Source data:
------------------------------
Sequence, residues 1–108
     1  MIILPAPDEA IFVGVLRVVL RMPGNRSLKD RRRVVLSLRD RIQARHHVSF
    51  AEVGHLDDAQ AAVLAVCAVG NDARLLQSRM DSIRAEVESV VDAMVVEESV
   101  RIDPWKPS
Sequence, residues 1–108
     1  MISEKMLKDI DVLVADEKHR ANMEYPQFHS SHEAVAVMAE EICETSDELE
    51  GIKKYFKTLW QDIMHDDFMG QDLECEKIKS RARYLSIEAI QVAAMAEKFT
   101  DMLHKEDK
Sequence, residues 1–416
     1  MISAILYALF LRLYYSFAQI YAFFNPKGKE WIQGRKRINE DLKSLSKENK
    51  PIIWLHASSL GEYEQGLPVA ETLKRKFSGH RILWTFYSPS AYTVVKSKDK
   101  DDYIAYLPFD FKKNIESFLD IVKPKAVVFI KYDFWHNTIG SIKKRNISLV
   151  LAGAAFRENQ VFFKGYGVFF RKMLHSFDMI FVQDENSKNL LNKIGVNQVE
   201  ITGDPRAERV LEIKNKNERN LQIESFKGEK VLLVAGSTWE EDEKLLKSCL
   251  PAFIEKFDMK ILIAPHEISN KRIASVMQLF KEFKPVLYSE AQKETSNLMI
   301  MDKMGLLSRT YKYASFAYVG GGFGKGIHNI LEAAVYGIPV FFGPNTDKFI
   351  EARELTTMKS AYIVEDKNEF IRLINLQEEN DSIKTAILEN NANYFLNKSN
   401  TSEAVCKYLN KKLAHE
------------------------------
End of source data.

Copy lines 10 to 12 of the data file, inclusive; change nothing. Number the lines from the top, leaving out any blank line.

     1  MISAILYALF LRLYYSFAQI YAFFNPKGKE WIQGRKRINE DLKSLSKENK
    51  PIIWLHASSL GEYEQGLPVA ETLKRKFSGH RILWTFYSPS AYTVVKSKDK
   101  DDYIAYLPFD FKKNIESFLD IVKPKAVVFI KYDFWHNTIG SIKKRNISLV